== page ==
A fictional tragicomedy inspired by an actual incident — in which the lead actor in a Vichy-financed biopic disappeared a week before its wrap — “The Happiest Place on Earth” explores the countless compromises made by gentile producers, directors and technicians eager to keep working during the German Occupation. Set in Paris in 1942, pic shifts from an often funny crash course in studio filming to a poignant reminder of the cruel ethnic-racial policies at work in occupied France. Thesp-strewn endeavor — which marks the return of vet Marcel Bluwal, 74, to the cinema after a 35-year hiatus — is a touch too didactic to truly shine but should find slots in fests and series devoted to movies about making movies.
Soon after France capitulated to the Nazis, all Jews were barred from filmmaking, which opened up a certain number of opportunities for non-Jews, particularly those willing to glorify the so-called “National Revolution.” Urged on by big-wheel Col. Valogne (Thierry Lhermitte), inexperienced documaker Vignault (Didier Bezace) and novice producer Couperin (Jacques Bonnaffe) agree to transform their project for a docu about heroic pilot Mermoz, who disappeared at sea in 1936, into a biopic with actors. So-so stage actor Robert Hugues Lambert (Jean-Claude Adelin) is recruited for the lead simply because he looks like the real Mermoz.
Slated to be shot entirely in the studio, the film is endangered just two days into shooting when an official from the Bureau of Jewish Affairs, who is also a film critic, forces Couperin to cut two major characters, including Mermoz’s friend and fellow aviator Antoine de St. Exupery (author of “The Little Prince”), on grounds that he’s been soft on the need to eliminate Jews. When screenwriter Ginette Maurey (helmer’s wife Daniele Lebrun, great fun) watches rushes in which St. Exupery has been turned into a generic character called “The Poet,” she stalks off.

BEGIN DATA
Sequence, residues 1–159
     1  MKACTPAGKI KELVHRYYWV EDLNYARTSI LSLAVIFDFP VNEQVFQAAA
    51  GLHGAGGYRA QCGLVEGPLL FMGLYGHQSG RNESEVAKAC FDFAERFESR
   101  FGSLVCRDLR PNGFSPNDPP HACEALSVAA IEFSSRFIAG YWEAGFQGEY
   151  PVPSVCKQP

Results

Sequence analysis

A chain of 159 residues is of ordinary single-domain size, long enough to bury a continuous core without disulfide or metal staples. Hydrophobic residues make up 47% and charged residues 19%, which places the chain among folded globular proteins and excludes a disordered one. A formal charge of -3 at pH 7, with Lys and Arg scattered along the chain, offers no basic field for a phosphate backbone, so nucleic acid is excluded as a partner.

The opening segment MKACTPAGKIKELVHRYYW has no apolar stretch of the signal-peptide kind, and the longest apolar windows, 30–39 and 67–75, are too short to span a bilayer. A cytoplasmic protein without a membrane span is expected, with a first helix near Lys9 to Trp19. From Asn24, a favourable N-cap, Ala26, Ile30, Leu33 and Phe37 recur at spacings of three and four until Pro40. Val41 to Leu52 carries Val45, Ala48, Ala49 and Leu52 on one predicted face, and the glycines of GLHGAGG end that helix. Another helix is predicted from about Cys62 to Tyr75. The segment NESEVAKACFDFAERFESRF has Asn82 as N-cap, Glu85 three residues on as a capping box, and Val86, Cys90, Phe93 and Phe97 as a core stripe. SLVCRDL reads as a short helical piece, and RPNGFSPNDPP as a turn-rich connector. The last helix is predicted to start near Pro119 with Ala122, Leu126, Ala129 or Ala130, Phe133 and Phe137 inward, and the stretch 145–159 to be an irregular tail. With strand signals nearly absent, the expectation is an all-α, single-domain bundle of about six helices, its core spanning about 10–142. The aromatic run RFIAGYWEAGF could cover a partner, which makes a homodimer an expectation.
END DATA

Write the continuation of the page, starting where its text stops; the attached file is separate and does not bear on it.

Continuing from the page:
The “Mermoz” crew shifts to filming nights instead of days when a curfew is instituted, but the production successfully weathers the crises that are part of filmmaking even in peacetime. And, surprisingly, with help from adoring continuity girl Lucie (Marianne Denicourt), Lambert turns into a better performer with every scene.
With a week to go on a tight shoot and a gala premiere at the Paris Opera locked in, Lambert (who’s in every scene) vanishes. Inquiries reveal he’s interned in a camp at Drancy, just outside Paris, even though he’s not Jewish. The crew hits on a solution worthy of Ed Wood — but saving the film and saving Lambert are two different things.
Bluwal tells his story with efficient if uninspired strokes, and most names in the cast find themselves flattened into perfs better suited to episodic TV than the bigscreen. Still, venture benefits from its powerful basis in fact and conveys the necessary basics about the legit stage, actors’ egos, soundstage procedures, cafe banter and the fine art of greasing the right palms for favors or information. The stagey, B&W movie-within-the-movie is a hoot.
Adelin is very good as the hulking thesp with an unusual secret, Denicourt moving as the young married mom who falls for him, and Brasseur just right as Delabit, the pragmatic businessman who oversees the production.
Helmer Bluwal, himself Jewish, began working in the film industry in 1946 and in TV three years later; he had been aware of the little-discussed Lambert/”Mermoz” story since 1945. Co-scripter Grumberg shared dialogue duties on Truffaut’s “The Last Metro,” which took place in the Gallic theater milieu during the Occupation. For the record, director of the actual “Mermoz” movie, released in 1943, was Louis Cuny; in current pic, all characters except Lambert are fictional.